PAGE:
Notice that each operation an even number of each character is removed. If there is a sequence of operations that removes all characters an even number of each character will have been removed. However this could have been done in one step: just remove everything. We just need to check directly if we can erase the entire string
Suppose that OR(l_1,r_1) = OR(l_2,r_2). Then for any range (l,r) which contains (l_1,r_1) it must be the case that OR(l,r) has a 1 in it’s binary representation everywhere OR(l_2,r_2) has a one. I will denote this as OR(l_2,r_2)\subseteq OR(l,r). Now look at OR(1,r_2-1). w.l.o.g we will assume that (l_1,r_2) lies in this range, otherwise we would take OR(l_2+1,N). Now we get the chain A[r_2] = OR(r_2,r_2) \subseteq OR(l_2,r_2)\subseteq OR(l_1,r_1)\subseteq OR(1,r_2-1). From this chain we can conclude that OR(1,r_2-1)=OR(1,r_2).
In short it is sufficient to check that for all i that A[i]\nsubseteq OR(1,i-1).
A mistake I made was not to check for i=1 where OR(1,0)=0
We will use the fact that each integer has a prime decomposition. We only need to consider prime numbers. We need to make sure that for any prime p that any path with p nodes containss at least one value that is divisible by p. We will assign these nodes that are divisble by p using a depth first search. We initialize all values as 1. If the distance from the root is a multiple of p/2 we will multiply the value of that node by p. We don’t do this for the root as otherwise it would become too large. The p/2 is needed to take branches into account, see the sketch below as an example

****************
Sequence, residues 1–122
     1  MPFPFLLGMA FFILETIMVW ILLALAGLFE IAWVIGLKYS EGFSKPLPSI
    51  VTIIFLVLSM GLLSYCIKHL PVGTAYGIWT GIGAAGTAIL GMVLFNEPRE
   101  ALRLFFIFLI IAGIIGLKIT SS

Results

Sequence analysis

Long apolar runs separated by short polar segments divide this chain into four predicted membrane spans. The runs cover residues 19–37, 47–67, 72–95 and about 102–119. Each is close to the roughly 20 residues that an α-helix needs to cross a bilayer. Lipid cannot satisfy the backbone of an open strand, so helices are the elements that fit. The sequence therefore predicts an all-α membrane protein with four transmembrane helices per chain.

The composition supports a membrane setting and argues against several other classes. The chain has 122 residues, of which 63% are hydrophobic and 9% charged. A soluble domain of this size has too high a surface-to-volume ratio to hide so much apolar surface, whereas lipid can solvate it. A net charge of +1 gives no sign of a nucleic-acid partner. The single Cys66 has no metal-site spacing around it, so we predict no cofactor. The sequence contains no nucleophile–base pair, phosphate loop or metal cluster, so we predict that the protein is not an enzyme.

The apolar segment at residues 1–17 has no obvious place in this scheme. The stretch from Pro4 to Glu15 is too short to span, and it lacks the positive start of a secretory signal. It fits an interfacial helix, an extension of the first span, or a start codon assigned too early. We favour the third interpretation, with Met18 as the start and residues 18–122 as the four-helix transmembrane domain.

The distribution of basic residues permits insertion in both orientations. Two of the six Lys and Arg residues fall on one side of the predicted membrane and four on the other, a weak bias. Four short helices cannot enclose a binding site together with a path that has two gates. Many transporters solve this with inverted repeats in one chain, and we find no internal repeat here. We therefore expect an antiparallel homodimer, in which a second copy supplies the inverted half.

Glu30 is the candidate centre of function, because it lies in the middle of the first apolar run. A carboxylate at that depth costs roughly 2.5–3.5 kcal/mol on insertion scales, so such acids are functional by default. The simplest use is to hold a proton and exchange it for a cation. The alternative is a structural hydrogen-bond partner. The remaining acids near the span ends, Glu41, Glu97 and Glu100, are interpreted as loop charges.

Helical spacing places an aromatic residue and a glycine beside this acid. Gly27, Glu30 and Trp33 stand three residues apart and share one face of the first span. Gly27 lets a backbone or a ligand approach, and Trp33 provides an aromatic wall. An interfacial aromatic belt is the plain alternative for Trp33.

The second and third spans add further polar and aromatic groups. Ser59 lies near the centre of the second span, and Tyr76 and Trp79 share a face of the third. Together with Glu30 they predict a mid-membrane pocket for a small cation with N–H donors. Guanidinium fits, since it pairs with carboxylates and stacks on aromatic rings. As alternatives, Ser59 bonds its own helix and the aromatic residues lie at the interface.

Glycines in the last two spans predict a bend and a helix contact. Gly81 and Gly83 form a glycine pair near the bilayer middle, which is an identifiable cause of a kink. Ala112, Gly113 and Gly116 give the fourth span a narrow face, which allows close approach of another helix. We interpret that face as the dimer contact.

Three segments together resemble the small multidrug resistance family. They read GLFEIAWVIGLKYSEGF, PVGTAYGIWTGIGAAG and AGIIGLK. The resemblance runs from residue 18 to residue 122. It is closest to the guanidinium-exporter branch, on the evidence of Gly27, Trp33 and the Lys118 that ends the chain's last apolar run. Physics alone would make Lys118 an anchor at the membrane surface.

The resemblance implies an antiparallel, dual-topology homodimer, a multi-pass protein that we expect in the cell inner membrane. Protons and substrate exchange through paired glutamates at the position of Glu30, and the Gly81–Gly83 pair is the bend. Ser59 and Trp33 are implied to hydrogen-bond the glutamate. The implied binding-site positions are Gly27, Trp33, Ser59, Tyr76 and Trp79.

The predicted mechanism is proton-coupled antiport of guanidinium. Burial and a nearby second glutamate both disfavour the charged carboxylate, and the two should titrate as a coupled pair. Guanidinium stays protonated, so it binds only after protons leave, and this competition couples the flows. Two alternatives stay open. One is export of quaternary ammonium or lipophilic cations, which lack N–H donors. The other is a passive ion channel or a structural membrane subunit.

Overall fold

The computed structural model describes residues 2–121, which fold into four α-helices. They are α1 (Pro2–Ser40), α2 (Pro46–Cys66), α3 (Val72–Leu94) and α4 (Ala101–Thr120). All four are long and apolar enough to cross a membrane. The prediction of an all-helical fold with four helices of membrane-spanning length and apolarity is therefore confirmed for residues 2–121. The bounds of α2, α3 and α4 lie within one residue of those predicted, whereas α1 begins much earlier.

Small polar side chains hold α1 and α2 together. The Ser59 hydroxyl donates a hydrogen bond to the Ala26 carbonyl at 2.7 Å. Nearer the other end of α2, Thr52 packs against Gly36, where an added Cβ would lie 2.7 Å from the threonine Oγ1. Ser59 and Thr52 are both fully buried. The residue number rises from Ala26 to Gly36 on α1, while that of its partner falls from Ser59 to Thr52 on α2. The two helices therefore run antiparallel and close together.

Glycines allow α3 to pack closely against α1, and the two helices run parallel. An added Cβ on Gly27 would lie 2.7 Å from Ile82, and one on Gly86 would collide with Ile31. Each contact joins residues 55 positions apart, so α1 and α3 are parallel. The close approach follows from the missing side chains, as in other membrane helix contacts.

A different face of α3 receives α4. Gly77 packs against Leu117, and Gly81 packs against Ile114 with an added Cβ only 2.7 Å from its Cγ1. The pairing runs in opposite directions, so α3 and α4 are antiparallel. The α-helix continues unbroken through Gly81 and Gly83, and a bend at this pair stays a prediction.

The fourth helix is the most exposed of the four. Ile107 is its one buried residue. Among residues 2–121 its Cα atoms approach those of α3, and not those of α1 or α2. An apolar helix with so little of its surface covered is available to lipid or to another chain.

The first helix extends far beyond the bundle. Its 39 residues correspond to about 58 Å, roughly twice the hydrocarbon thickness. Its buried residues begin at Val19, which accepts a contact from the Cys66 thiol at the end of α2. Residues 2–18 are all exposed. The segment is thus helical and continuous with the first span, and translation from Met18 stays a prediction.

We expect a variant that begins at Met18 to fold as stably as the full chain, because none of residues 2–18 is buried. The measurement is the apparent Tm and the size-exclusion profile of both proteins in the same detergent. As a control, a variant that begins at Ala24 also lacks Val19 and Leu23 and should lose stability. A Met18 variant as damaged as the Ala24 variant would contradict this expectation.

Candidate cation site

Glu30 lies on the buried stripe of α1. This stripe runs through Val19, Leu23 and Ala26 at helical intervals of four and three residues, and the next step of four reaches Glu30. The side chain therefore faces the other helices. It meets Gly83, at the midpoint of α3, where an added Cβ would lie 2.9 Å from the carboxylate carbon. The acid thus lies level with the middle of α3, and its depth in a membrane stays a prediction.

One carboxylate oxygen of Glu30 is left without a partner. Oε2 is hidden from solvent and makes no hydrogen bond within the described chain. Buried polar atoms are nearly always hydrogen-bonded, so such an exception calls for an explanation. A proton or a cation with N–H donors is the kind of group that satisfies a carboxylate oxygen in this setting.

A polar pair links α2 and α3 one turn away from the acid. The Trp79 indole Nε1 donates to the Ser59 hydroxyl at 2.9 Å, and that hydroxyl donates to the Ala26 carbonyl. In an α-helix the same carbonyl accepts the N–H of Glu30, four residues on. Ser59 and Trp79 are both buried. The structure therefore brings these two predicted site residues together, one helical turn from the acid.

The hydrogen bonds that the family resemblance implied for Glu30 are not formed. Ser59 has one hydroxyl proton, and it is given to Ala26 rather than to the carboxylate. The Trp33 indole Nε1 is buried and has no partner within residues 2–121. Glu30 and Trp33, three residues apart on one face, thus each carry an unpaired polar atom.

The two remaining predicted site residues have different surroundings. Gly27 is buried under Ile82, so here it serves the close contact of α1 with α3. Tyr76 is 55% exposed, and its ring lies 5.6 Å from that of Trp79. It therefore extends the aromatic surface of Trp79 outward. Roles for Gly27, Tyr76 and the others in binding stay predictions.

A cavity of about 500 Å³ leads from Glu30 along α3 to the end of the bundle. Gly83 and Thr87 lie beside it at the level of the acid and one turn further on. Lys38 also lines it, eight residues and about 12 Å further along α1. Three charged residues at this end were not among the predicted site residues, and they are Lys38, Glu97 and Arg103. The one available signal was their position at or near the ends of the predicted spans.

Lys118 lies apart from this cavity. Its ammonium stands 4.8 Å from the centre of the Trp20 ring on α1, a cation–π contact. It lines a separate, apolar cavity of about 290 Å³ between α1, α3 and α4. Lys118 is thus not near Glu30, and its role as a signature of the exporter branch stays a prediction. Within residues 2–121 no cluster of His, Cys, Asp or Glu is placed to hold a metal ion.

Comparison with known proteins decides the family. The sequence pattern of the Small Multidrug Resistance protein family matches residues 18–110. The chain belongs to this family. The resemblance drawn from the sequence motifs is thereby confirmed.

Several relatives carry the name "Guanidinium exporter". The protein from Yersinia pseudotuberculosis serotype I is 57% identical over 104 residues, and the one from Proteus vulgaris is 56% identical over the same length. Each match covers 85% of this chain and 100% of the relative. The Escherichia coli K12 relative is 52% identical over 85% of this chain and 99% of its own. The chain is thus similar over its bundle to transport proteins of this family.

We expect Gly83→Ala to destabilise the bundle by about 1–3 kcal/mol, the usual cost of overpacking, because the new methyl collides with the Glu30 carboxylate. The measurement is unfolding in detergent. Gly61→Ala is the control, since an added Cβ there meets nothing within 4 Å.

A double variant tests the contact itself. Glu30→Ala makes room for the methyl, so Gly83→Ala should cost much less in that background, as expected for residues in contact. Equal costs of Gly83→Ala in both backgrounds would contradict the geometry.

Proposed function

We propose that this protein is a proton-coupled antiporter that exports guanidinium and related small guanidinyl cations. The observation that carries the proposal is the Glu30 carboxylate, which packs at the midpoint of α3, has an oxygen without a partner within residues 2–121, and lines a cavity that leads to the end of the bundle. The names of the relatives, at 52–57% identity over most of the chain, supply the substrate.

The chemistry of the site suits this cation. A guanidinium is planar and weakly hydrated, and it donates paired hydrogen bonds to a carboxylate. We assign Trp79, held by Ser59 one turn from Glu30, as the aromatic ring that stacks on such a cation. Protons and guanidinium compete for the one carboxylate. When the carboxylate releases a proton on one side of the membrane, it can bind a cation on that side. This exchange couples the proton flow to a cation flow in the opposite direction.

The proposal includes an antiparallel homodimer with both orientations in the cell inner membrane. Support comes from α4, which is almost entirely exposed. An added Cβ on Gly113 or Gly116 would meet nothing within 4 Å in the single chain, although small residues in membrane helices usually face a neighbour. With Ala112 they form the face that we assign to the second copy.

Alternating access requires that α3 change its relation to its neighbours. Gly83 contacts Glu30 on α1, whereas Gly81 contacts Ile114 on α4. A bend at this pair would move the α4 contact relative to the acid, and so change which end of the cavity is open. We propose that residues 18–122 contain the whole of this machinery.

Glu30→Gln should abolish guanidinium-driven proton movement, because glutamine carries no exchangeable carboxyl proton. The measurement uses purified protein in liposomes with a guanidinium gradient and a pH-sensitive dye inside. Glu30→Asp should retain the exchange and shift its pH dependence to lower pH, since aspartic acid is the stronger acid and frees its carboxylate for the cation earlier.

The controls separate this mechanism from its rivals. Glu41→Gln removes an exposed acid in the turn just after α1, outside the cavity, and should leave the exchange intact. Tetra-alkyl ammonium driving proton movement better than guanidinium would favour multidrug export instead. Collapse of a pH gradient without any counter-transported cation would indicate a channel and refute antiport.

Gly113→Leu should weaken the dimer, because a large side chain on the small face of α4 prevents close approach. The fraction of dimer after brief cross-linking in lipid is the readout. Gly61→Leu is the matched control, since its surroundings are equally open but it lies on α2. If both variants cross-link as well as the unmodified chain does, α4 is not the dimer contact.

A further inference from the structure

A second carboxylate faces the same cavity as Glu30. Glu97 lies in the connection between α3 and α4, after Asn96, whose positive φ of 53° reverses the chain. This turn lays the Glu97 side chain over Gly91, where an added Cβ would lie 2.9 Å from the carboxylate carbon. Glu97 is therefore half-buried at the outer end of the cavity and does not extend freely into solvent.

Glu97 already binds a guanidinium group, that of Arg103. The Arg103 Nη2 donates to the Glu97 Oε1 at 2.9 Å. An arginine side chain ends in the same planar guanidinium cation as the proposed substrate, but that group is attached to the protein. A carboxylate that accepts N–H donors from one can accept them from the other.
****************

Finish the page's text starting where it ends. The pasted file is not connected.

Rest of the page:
p=3 O-# / O-O-#-O \ O-#
The left node is the root. O is a root that is not multiplied by p, # is a node that is. We notice that by spacing the depths by 3 we have accidentally created a path of length 3 that contains no multiples of p. Using p/2 as the depth interval solves this problem
It took a long time for me to discover a pattern that worked. I ended up with the following pattern:
aba, aabaa, …, a^Dba^D
Let’s count the numer of unique substrings:
All substrings containing the b are unique, because there is only one b. There are (D+1)^2 substrings that contain the b. Furthermore each sequence of 1 to D a’s is a unique substring. Giving us a total number of distinct substrings: D^2+3D+1
Now let’s count the number of palindromes. By the triangle formula we have 2\cdot (\frac12\cdot D\cdot (D+1)) palindromes containing only a’s. Furthermore there are D+1 palindromes containing the b. This gives the total number of palindromes is D^2+2D+1
We notice that the difference between these is D as required
This one was fun, but I didn’t complete it in time. It was however accepted in practice. I enjoyed being able to solve the hardest problem in the competition without much trouble.
First of all it is handy to know how to find the length of the longest increasing subsequence. This is often done by a sequence of “stacks” and we add the elements to these stacks one by one. An element is added to the leftmost stack that contains a top value larger than the element. Because the tops of the stacks are always increasing we can do a binary search for the corresponding stack.
The trick is to first build up the longest - decreasing - subsequence (LDS) datastructure of the reverse array, but keep track on when each element was inserted where. Then we construct the normal longest - increasing - subsequence as normal. While we do that we "play the construction of the LDS backwards. If the element being inserted is lower than the LIS size we check the LDS datastructure for the largest value that can complete the subsequence to be a LIS. We can keep inserting until we reach that value, so that value is the best we can do.
Feel free to ask questions about my approaches below. I have only explained problems above that I have solved, so the only-div2 problems are missing.